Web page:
Crisis management policy

Published: 7/6/2024
Although by implementing different policies attempts are made to avoid any disruptions that might lead to the outbreak of a crisis or strengthen the resilience of the financial system to prevent financial disruptions growing into a crisis, sometimes it is not possible.

A crisis situation can be defined as the occurrence of a disruption in one or more segments of the financial system that may threaten overall financial stability, e.g. illiquidity or insolvency of financial entities, a significant disruption in the payment system and the system of the settlement of payment transactions, disruptions spilled over from external financial markets or other disruptions that may lead to difficulties in the functioning of the financial system.

Effective management of crisis situations in credit institutions include preventive measures, early intervention measures and resolution measures. As part of preventive measures, credit institutions in Croatia are required to draw and, at least annually (or after a change in the legal or organisational structure, or after a change in the business or financial situation which could have a material effect on or necessitate a change to the recovery plan), submit the recovery plan to the competent supervisory authority. In the recovery plan, a credit institution sets out actions to be taken to restore its financial position in situations of severe financial distress. These actions may include measures to conserve or restore the own funds, arrangements to maintain access to financial market infrastructures and contingency funding sources, to restructure liabilities, reduce risks and leverage, etc. In case of disruptions in a credit institution’s regular operation to the extent that might jeopardise its liquidity, solvency or business continuity, supervisory early intervention measures are activated, which may include: the application of measures from the recovery plan, such as the identification and addressing of problems in operations and preparation of a plan for negotiation on restructuring of debt with individual or all creditors. Additional measures may also be implemented, provided for in the Credit Institutions Act, such as the removal from office of senior management and the management body, the revocation of approval for management or supervisory board members or some other measures.

If the competent supervisory or resolution authorities determine that a credit institution is failing or likely to fail and if there is no reasonable prospect that any alternative supervisory measures would prevent its failure within a reasonable timeframe, the resolution body adopts the decision about whether the resolution of that credit institution should be initiated. For most credit institutions, resolution of a crisis situation means exiting the market through normal insolvency proceedings. However, in the case of banks whose failure would jeopardise public interest, that is, preserving financial system stability and mitigating unfavourable effects of financial instability on economic activity, resolution mechanisms are applied. These mechanisms enable the resolution costs to be distributed to banks’ shareholders and creditors, with the aim of ensuring the continuity of banks' critical functions and avoiding significant adverse effects on financial stability in the light of spreading the crisis to the entire financial system. In the procedure of resolution of credit institutions for which the competent supervisory authority has determined that it is failing or is likely to fail, the most important role is played by resolution authorities that are empowered to apply the resolution instruments and exercise the resolution powers. In the Republic of Croatia they are as follows: the Single Resolution Board (since accession to the banking union), the central resolution authority within the banking union competent for credit institutions under the direct supervision of the European Central Bank within the Single Supervisory Mechanism, and at the national level, the Croatian National Bank, responsible for other credit institutions. Pursuant to the provisions of the Act on the Resolution of Credit Institutions and Investment Firms, the Croatian Deposit Insurance Agency (CDIA) manages the national resolution fund and is authorised to collect previous and subsequent contributions for the purpose of payments to the Single Resolution Fund. Pursuant to the provisions of the Act on Compulsory Liquidation of Credit Institutions, the CDIA is also the supervisory liquidation authority, or the authority for the compulsory liquidation procedure supervising the work of liquidators.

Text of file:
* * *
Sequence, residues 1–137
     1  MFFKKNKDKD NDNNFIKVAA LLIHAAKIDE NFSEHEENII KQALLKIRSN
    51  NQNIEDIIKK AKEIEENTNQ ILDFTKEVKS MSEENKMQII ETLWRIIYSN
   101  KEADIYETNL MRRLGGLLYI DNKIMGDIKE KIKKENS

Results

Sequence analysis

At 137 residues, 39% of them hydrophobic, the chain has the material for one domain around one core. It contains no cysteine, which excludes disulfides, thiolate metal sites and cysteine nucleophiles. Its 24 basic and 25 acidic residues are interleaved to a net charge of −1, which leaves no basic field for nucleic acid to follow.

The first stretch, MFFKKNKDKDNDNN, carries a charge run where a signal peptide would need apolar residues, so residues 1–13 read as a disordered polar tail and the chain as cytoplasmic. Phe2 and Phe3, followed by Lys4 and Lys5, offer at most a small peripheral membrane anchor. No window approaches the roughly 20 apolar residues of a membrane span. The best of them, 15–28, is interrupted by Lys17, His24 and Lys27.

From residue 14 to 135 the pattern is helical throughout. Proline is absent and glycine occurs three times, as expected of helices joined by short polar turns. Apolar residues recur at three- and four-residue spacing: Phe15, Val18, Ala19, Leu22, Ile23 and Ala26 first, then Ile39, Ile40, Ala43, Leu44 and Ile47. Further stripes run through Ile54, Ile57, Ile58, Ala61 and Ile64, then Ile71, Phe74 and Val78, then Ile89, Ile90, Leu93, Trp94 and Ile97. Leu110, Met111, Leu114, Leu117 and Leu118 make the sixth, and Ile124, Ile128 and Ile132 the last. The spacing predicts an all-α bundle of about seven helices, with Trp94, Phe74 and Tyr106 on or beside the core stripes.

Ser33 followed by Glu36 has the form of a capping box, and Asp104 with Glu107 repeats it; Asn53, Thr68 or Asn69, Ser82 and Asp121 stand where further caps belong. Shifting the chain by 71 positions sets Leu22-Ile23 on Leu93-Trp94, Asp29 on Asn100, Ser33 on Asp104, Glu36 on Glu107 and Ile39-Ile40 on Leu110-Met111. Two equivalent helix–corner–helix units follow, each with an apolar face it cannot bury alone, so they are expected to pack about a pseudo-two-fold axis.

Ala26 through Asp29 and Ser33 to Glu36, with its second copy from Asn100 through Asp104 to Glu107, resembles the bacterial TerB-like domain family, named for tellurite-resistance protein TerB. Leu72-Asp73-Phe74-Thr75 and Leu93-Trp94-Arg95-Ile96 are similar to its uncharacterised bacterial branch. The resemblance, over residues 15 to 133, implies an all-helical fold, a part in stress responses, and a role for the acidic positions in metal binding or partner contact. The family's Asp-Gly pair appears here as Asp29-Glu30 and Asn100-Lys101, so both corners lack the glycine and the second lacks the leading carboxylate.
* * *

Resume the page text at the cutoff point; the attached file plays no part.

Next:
In maintaining confidence in the financial system, in particular in the case of a crisis situation, the deposit insurance system plays an important role, that is, the system which protects depositors from loss of deposits in the case of failure of a credit institution. The system is managed by the CDIA, and members of the System are all credit institutions authorised by the Croatian National Bank and their branches in other Member States. The system is exclusively financed by contributions from member credit institutions. Depositors are compensated for the insured event of a credit institution, which occurs when the CNB issues a decision on the unavailability of deposits, or when a competent court adopts a decision to open a compulsory liquidation proceeding. The funds from the deposit insurance fund may (under specific circumstances and up to a certain amount) also be used to finance resolution or apply instruments in a credit institution’s compulsory liquidation proceeding. In crisis situations, an important role is also played by the Financial Stability Council, which ensures cooperation and the exchange of information between the competent authorities for the purpose of effectively resolving a crisis and maintaining financial stability.